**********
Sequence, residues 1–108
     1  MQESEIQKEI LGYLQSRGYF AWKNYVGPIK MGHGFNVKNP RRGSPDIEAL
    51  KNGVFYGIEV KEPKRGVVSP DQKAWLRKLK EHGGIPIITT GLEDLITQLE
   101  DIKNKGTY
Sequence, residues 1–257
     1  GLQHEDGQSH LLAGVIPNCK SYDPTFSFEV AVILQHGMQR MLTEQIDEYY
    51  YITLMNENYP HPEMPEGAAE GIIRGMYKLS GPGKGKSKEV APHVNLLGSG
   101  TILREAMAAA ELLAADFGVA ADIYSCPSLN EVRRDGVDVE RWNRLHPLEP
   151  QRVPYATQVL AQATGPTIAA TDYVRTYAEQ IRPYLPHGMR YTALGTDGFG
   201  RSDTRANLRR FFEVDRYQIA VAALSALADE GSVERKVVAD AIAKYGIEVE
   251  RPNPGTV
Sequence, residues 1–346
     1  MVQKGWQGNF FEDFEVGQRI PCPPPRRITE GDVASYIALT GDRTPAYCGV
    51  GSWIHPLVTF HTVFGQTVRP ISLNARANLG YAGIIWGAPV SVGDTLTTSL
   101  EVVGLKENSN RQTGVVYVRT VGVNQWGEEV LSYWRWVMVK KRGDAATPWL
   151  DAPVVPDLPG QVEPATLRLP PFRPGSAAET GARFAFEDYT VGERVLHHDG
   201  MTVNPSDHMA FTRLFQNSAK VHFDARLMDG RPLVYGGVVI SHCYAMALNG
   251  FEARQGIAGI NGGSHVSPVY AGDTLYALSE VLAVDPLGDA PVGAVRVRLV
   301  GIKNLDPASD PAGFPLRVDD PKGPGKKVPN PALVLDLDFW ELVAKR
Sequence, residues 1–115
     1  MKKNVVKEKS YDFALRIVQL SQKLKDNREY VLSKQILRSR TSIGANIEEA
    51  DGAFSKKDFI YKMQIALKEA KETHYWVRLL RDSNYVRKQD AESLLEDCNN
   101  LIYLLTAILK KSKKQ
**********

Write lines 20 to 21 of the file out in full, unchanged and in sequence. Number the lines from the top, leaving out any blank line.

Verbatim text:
Sequence, residues 1–115
     1  MKKNVVKEKS YDFALRIVQL SQKLKDNREY VLSKQILRSR TSIGANIEEA